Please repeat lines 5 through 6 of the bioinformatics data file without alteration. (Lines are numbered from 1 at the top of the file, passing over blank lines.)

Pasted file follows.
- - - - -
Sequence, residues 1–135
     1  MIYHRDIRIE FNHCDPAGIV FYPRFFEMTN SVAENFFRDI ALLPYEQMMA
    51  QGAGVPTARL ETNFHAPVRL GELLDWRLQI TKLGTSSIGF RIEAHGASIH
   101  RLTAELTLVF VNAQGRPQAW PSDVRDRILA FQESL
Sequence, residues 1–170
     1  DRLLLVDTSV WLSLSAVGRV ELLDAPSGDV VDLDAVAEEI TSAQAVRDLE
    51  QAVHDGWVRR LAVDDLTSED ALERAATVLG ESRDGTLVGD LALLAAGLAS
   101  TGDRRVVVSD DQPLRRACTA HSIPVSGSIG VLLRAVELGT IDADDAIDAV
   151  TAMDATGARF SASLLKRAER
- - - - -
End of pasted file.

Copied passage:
Sequence, residues 1–170
     1  DRLLLVDTSV WLSLSAVGRV ELLDAPSGDV VDLDAVAEEI TSAQAVRDLE